My moment of truth came about five or more years ago. (It’s hard to keep track of when things happened, the fifteen years of continual hospitalizations are a long blur to me. I even have had quite a number of people come up to me and say hello, start reminiscing about “this time when we..” and I cannot remember ever having set eyes on them in my life!)
I had been transferred from the ED unit with heart problems to the emergency department for safety’s sake, later to be transferred to cardiac care. It was there that I was told that they were not expecting at this stage that I would live through this night. The constant purging had dropped my potassium so low that my heart was struggling, and several days of IV’s hadn’t brought it up at all either. My other organs were also starting to fail and in tandem with being emaciated and weak, I was in huge trouble.
At that stage, I still had my mother as my next of kin. (I now no longer have any family next of kin – two special friends have that honour, and they not only would be prepared to be there if needed, they volunteered for this.) My mother was called by the emergency department staff and asked to please come in right away, as her daughter was in a critical condition and not expected to survive the night.
My mother lives an easy 5 minute drive from the hospital. She also, at that time, was driving everywhere all the time, long distances, short distances, daytime, night time, everywhere. There wasn’t any need for her to even go through the city area as she was on the same side of the city from the hospital.
But this evening (it was about 6pm I remember) her response was something along the lines of “I can’t come in. I couldn’t possibly drive there at night”.
The nurse who called her didn’t give up with that – and she was actually furious when she told me of this response. Not just that, but the nurse who had come down with me from the ED unit and who sat by my side for the next 12 hours, indicated to bring the phone to her and started telling my mother off. It didn’t work.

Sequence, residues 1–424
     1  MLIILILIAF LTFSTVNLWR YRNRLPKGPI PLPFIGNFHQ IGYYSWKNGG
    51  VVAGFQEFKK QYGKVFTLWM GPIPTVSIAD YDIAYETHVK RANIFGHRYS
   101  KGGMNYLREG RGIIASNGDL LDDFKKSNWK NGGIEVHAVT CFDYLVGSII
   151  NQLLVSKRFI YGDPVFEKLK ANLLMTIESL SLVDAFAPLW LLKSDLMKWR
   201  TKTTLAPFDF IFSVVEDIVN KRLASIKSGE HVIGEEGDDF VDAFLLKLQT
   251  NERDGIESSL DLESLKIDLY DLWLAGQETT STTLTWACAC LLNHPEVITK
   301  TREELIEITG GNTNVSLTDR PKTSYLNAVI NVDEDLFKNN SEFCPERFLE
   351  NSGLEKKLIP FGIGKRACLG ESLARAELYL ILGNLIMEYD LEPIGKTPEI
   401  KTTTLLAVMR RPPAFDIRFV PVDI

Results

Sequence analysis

It was at this moment, that I realised without a doubt, that my mother did not love me, never had, never would. I could no longer deny that.
She didn’t even care if she never saw me alive again.
I made it through that night – it was one of many expectations of me not living that I defied. But the part of me that had hoped my mother could love me, that died.
It still has been years between that revelation, and me being able to totally cut her loose. I remained in touch, kept taking her calls and holding on through the inevitable screaming fits. (We never saw eye to eye, and our conversations would always degenerate into her offending me, or me offending her.) I don’t know why I bothered, but some part of me couldn’t stop trying.
Despite all the abuse – physical and emotional, the neglect, the craziness with food, turning a blind eye to and enabling the abuse from others – I kept forgiving her. I used to be endlessly forgiving. Maybe too forgiving. I gave every excuse in the book for her actions. At some stage, I had to wake up and realise I was flogging a dead horse here.
This all has had a huge effect on me in eating disorder terms. I had to face up to the fact that it really didn’t matter whether my mother loved me or hated me, I still had this disorder, I still had to deal with my problems, I still had to choose ultimately whether I wanted to live or die. I also came to the conclusion over time, that even had my mother been different, the most loving, caring woman on earth – I would still have this eating disorder and still be unable to heal from it just for having her support.